The Madison mayor’s office is pursuing changes to police practice and training — including the possible implementation of a “mental health ambulance” program — two months after the forceful videotaped arrest of a black, mentally ill 17-year-old sparked outrage among some residents.
In an email Friday to staffers and City Council leadership, Mayor Satya Rhodes-Conway criticized the department’s response before internal and external reviews of the incident have been completed.
“The officer’s actions may or may not have violated the law,” she wrote, “and may or may not have violated (Madison Police Department) policy; however, police actions in this incident are not and will never be acceptable as best practice in the city of Madison.”
Video of the June 3 incident — taken from inside the foster home where the teen lived — shows Sgt. Joseph Engler delivering three blows to the teen’s head as three other officers try to restrain him.
Earlier in the day, the teen had been sent home from West High School after threatening staff, and once there threatened his foster father, a workman and police, according to police reports. He also spat at and struggled with officers for some 20 minutes before he was subdued by the blows to his head, the reports say.
At the time, the teen was under an involuntary mental health commitment, and the foster father and Journey Mental Health Center, which handles such cases in Dane County, had authorized police help in taking him into protective custody, police said.
MPD procedures allow officers to hit, or deliver “diffused strikes” to, suspects in a number of circumstances, including “when an officer reasonably believes it is necessary to control a person” being taken “into custody for emergency detention or protective custody.”
Engler was put on “restricted duty” after the incident. Police spokesman Joel DeSpain said there is no timeline for the MPD’s Professional Standards and Internal Affairs office to finish its investigation which, when completed, will be sent to an outside agency for review. Police chief Mike Koval on Tuesday declined to name that agency.
The mayor’s chief of staff, Mary Bottari, pointed to the Eugene, Oregon-based crisis intervention agency CAHOOTS as one example of a mental health ambulance service. Under the program, anyone concerned about a person experiencing a mental health crisis in the Eugene-Springfield metro area can call the local non-emergency police and fire dispatch number 24 hours a day and a crisis worker and medic will respond.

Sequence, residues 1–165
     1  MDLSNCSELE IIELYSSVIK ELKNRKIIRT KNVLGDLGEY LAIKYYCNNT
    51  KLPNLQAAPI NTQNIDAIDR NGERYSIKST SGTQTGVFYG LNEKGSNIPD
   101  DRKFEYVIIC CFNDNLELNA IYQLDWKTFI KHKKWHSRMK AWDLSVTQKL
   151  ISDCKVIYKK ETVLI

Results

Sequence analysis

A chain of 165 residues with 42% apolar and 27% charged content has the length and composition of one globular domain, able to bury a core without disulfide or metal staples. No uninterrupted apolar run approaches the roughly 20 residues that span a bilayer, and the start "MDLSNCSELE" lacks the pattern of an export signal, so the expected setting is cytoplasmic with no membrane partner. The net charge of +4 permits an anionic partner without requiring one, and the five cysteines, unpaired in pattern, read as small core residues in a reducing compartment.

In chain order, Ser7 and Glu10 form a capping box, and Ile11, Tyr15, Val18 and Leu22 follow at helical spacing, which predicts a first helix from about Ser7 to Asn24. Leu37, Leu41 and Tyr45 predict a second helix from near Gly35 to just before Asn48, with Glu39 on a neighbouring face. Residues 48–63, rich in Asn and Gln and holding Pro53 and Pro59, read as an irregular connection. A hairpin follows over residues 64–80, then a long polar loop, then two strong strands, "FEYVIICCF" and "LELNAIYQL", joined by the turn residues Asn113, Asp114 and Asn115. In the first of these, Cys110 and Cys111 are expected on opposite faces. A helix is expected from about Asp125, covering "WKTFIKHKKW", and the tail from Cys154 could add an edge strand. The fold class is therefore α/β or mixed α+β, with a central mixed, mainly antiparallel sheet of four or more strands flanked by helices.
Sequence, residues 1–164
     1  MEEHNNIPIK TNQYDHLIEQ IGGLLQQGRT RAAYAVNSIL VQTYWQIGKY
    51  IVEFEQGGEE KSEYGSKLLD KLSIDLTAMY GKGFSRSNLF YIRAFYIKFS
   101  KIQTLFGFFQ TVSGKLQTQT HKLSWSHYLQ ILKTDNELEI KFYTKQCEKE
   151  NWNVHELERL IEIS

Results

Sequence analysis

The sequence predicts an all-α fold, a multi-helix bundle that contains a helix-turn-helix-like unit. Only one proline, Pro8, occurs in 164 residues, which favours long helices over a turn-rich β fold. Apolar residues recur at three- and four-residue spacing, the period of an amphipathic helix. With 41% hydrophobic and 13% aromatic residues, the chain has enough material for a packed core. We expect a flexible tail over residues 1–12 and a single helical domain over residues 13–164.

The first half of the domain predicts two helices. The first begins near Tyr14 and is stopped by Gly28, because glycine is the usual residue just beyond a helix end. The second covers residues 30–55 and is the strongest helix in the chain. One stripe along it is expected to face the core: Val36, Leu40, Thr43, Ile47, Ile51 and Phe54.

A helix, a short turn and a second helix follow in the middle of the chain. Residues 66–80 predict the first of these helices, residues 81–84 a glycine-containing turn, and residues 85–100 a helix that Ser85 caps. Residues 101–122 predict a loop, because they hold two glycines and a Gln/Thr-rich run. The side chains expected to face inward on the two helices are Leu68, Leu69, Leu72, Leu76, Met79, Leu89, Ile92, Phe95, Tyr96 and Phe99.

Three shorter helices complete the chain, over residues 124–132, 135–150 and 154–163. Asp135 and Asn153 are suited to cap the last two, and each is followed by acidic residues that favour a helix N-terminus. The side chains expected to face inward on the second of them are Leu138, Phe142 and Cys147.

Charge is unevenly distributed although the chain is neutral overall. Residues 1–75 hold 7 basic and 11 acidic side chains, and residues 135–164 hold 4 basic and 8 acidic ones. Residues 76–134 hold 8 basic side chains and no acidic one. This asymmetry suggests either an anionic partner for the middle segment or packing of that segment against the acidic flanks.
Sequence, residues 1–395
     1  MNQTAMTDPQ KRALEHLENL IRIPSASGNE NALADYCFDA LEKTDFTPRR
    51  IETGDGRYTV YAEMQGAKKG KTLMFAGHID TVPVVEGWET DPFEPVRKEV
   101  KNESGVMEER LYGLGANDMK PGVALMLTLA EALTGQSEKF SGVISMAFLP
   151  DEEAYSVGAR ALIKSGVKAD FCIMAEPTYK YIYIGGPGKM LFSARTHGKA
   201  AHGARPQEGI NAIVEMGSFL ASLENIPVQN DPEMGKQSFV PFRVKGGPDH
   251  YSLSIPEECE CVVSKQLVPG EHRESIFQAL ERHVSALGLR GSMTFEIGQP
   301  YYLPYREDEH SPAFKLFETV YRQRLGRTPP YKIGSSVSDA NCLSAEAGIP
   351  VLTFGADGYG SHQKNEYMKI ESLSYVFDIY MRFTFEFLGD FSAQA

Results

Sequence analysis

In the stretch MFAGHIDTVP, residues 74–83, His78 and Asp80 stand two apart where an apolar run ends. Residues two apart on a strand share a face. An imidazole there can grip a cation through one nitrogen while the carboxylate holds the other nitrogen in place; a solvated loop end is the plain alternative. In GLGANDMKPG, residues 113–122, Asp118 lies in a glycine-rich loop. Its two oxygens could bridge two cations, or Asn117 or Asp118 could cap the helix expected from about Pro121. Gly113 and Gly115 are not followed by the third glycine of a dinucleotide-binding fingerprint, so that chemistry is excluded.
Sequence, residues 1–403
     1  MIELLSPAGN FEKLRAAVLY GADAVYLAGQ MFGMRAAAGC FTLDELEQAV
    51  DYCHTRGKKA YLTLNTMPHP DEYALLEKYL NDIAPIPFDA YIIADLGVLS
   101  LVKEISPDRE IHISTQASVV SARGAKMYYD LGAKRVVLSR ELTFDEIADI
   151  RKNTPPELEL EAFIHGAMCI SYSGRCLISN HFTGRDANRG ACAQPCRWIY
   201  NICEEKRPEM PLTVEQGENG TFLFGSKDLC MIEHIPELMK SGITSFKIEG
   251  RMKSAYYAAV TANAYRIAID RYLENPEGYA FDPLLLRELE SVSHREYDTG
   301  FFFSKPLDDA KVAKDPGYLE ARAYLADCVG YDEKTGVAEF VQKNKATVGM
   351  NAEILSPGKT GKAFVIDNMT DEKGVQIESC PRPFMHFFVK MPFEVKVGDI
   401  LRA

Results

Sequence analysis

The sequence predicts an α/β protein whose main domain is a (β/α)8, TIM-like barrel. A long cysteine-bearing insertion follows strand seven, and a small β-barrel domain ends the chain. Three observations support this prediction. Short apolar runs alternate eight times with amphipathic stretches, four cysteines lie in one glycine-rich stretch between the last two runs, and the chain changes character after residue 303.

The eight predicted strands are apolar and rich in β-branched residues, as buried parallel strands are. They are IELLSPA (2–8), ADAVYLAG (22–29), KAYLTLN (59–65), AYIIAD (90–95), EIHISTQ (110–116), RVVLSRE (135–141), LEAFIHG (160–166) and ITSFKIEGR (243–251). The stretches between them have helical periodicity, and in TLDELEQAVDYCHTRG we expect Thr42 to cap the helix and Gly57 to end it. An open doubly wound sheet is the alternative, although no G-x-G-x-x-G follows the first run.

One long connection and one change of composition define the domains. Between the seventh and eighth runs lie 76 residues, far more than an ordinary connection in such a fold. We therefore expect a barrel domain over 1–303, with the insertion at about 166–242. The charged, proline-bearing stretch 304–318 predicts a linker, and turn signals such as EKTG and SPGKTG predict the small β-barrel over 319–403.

“Lots of cities are dealing with the question of who should be the first responder to a mental health crisis,” Bottari said.
‘We can do better’
Other “next steps” Rhodes-Conway’s office is pursuing are involving a “black mental health practitioner” in MPD training, partnering with “local education institutions to grow (the) black practitioner pool for future community engagement,” and appointing Jacqueline Boggess, executive director of the Madison-based Center for Family Policy and Practice, to the city’s Police and Fire Commission.
In an email, Koval said his department “has been and will continue to be receptive to undertaking systems improvements that promote transparency, accountability, and trust with the constituents we serve.”
But he also said “’process’ matters,” and “I cannot be viewed as making any judgments or rendering an opinion before all investigatory and review steps are complete.”
Madison police union president Kelly Powers said the mayor’s proposals were largely news to him and that her willingness to condemn the June 3 police response before the investigation and review are completed “smells of a sense of lack of due process.”
The mayor’s criticism of the police response also concerned Alds. Zachary Henak, 10th District, and Paul Skidmore, 9th District, both of whom reviewed the Aug. 2 email, which the mayor posted in a slightly edited form to her blog Tuesday following the State Journal’s inquiries.
Henak said the mayor is “commenting on an ongoing investigation” but that he is willing to learn more about her proposed changes.
Asked why the mayor opted to criticize the police response now, Bottari said, “You are going to hear the phrase ‘we can do better’ a lot from this mayor with regard to the provision of many city services.” City Council president Shiva Bidar, 5th District, and vice president Barbara Harrington-McKinney, 1st District, were sent the Friday email but did not respond to a request for comment Tuesday.
Skidmore, the council’s most vocal police advocate, also worried the mayor was undermining police training and law enforcement more generally, and could cause officers to have to second-guess their decisions in dangerous, rapidly evolving situations.
“It sends a terrible message,” he said.
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